Getting around by air:
Turkish Airlines (website: www.turkishairlines.com) provides an important network of internal flights from Istanbul, Ankara, Adana, Antalya, Dalaman, Izmir & Trabzon to all of the major Turkish cities. Recent liberalization of the domestic air industry has allowed the proliferation of cheap, no-frills carriers operating routes from Istanbul, Ankara, Antalya & Izmir to the main regional airports. Private airlines include Atlasjet (website: www.atlasjet.com), Corendon Airlines (website: www.corendon-airlines.com), Onur Air (website: www.onurair.com.tr), Pegasus Airlines (website: www.flypgs.com) & SunExpress (website: www.sunexpress.com.tr).
Getting around by water:
A frequent car ferry crosses the Dardenelles at Gallipoli, from Canakkale to Eceabat & Gelibolu to Lapseki. Istanbul Fast Ferries (tel: (212) 444 4436; website: www.ido.com.tr) operates frequent seabus services from Bostanci, Kadikoy, Kartal, Yalova & Büyükada Island to Bakirkoy, Karakoy, Yenikapi, Yalova, Avcilar & Bandirma. Deniz Cruise & Ferry Lines (tel: (212) 444 3369; website: www.denizline.com.tr) serves the Istanbul-Izmir route. Local travel agents can make reservations.
Getting around by rail:
Many trains of the Turkish Railways (TCDD) (tel: (212) 527 0050; website: www.tcdd.gov.tr) have sleeping cars, couchettes & restaurant cars. Some are air-conditioned. Fares are comparatively low, but are more expensive for express trains. Discounts of 20% are available for students (though a Turkish student card may be required), groups, round-trips & passengers over 60. Children aged seven & under travel free. Tickets can be purchased at TCDD offices at railway stations & TCDD-appointed agents. The journey from Istanbul to Ankara takes between 6 hours 30 minutes & 10 hours, depending on the type of train.
A Train Tour Card issued by TCDD allows for 30 days’ unlimited travel on the Turkish train network. Tour cards are available for express trains & sleeping car trains. Validity begins on the first day that the card is used.
InterRail One-Country Pass: offers travel for three, four, six or eight days in one month within Turkey. Travel is not allowed in the passenger’s country of residence. Travellers under 26 years receive a reduction. Children’s tickets are reduced by about 50%. Supplements are required for some high-speed services, seat reservations & couchettes. Discounts are offered on Eurostar & some ferry routes. Available from Rail Europe (website: www.raileurope.co.uk/inter-rail).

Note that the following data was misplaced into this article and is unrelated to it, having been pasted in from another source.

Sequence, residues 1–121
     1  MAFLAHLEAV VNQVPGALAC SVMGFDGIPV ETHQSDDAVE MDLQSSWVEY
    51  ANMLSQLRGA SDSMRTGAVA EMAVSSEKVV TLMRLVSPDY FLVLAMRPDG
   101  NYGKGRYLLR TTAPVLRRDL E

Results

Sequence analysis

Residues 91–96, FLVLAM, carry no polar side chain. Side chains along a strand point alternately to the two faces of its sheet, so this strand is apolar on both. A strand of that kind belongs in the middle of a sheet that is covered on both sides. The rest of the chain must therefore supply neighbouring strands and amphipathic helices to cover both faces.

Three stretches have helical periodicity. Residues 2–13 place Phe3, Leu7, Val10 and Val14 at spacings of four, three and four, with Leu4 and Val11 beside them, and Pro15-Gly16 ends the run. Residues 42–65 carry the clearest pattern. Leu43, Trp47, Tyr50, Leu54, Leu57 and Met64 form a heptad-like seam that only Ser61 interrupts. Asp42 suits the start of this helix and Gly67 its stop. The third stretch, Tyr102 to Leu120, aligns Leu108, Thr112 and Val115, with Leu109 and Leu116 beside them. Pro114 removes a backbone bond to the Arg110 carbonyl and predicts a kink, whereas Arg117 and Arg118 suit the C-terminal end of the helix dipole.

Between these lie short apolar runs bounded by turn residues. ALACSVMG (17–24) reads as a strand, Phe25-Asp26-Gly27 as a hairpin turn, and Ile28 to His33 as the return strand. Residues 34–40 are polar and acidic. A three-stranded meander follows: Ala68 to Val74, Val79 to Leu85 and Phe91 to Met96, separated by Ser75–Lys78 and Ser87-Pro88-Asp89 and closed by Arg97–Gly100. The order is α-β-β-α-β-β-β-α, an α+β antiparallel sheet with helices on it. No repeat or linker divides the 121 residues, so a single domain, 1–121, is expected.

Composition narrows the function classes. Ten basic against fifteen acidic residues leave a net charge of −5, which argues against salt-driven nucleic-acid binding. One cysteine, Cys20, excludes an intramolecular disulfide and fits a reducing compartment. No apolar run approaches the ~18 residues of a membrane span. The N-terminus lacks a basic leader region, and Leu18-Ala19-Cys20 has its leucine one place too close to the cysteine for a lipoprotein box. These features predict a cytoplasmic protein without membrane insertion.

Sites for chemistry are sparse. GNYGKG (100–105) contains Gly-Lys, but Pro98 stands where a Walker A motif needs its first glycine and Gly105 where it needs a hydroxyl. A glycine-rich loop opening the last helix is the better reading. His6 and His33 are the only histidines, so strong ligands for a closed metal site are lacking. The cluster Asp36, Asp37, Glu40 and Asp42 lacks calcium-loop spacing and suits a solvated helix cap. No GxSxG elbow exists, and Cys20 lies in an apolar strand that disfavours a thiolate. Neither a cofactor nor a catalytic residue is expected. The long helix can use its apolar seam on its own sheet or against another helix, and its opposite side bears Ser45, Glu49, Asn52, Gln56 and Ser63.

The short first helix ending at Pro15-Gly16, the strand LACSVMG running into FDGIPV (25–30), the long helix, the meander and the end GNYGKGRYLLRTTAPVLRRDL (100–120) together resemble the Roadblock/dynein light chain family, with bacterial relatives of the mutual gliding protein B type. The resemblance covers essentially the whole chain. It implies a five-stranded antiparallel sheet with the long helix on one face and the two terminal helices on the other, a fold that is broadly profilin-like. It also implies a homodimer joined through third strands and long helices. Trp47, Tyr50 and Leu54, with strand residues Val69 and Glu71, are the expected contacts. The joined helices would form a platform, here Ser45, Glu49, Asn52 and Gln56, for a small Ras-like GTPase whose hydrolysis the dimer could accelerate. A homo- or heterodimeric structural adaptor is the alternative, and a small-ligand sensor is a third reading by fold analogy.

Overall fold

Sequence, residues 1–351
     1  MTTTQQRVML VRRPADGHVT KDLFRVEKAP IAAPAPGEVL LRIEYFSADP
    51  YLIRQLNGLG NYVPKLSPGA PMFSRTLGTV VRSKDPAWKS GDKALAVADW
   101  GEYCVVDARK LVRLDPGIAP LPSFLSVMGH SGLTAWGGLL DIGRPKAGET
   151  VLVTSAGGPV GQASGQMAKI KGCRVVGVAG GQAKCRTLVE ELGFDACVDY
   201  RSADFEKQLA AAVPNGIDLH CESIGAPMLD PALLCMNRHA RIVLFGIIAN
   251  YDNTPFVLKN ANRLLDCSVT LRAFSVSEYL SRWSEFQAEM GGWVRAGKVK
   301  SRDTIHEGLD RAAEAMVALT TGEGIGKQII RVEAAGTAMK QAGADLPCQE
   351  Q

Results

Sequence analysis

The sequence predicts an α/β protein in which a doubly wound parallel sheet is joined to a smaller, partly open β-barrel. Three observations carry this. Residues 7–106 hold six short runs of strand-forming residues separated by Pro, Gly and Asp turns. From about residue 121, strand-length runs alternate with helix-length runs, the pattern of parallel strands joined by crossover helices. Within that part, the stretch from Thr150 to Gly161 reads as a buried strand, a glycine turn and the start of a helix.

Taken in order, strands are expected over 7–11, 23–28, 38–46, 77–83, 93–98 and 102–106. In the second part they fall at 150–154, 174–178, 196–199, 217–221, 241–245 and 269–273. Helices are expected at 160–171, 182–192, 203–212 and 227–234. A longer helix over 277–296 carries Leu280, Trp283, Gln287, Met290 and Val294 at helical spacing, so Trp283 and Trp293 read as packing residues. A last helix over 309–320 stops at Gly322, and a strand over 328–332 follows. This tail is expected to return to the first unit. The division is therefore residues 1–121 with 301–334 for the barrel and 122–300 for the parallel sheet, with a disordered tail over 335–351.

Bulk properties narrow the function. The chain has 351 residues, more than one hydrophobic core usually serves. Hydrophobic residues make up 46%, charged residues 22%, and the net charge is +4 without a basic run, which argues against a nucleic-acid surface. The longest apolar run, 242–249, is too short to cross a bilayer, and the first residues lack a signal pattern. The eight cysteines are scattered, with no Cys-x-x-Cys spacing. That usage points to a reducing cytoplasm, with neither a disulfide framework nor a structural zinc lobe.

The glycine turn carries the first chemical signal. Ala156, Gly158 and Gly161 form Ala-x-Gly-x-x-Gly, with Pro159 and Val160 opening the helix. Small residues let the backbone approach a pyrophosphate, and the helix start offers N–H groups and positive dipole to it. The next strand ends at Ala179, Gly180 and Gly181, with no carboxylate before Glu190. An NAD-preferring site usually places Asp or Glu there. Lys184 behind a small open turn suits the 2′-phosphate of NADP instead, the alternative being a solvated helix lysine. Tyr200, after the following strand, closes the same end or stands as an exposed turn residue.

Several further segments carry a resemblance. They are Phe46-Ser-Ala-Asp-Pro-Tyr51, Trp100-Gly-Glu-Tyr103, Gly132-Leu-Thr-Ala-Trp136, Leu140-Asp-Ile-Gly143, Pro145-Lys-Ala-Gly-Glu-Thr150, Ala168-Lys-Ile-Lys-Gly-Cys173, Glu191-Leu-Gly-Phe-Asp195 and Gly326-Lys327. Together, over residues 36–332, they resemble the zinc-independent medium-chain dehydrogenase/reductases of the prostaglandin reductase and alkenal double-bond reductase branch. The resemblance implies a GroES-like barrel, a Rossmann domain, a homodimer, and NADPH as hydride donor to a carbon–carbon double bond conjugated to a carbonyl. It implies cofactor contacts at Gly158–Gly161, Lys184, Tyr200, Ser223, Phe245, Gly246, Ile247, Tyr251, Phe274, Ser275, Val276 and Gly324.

Getting around by road:
Road conditions & standards of driving in Turkey can be poor. Serious road accidents are common. Traffic drives on the right. In case of an accident, call the traffic police (tel: 154) & do not move your car until they have arrived. The Turkish Touring & Automobile Club (tel: (212) 282 8140; website: www.turing.org.tr) provides insurance & advice for foreign drivers.
Coach: Many private companies provide frequent services between Turkish cities. Services are generally faster than trains. Tickets are sold at the bus station or the companies’ offices in town centres. Shop around for the best prices & most convenient departure times. Coaches depart from the bus stations (otogar) in large towns & from the town centre in small towns. There is generally a service bus (servis) from the centre to the bus station. The best coach operators are Varan (tel: (212) 551 5000; website: www.varan.com.tr) & Ulusoy (tel: 444 1888, within Turkey only; website: www.ulusoy.com.tr).
Car hire: Both chauffeur-driven & self-drive cars are available in all large towns & resorts. All international companies are represented.
Regulations: The minimum driving age is 18 & front seat belts are compulsory. Children under 12 may not sit in the front. The speed limit is 120kph (75mph) on dual carriageway, 90kph (56mph) on highways & 50kph (31mph) in built-up areas.
Documentation: An International Driving Permit or photo-ID license is necessary. Green Card International Insurance, endorsed for all Turkish territory (or Turkish third-party insurance obtained at a frontier post) & car ownership documents are also required. A ‘carnet de passage’ is required for those continuing to the Middle East. Cars can be brought into Turkey for a maximum of six months in any year. For longer stays, it is necessary to apply to either the Ministry of Finance & Customs or the Turkish Touring & Automobile Club.
Getting around towns & cities:
Bus & trolleybus: Extensive conventional bus (& some trolleybus) services operate in Istanbul, Ankara & Izmir. There are buses in all other large towns. These are generally reliable, modern & easy to use. Tickets are bought in advance from kiosks & validated on board. In Istanbul, an Akbil electronic pass can save money on bus, tram, ferry & metro journeys.
Taxi: There are many types of taxi, share-taxi & minibus in operation. Taxis are numerous in all Turkish cities & towns & are recognizable by their chequered black & yellow bands. All taxis have a meter which must be switched on at the start of the journey. For longer journeys, the fare should be agreed beforehand. A dolmus is a collective taxi or minibus which follows specific routes. Each passenger pays according to the distance travelled to specific stops. The fares are fixed by the municipality. The dolmus provides services within large cities to suburbs, airports & often to neighbouring towns. This is a very practical means of transport & much cheaper than a taxi. Taxis may turn into a dolmus & vice versa according to demand.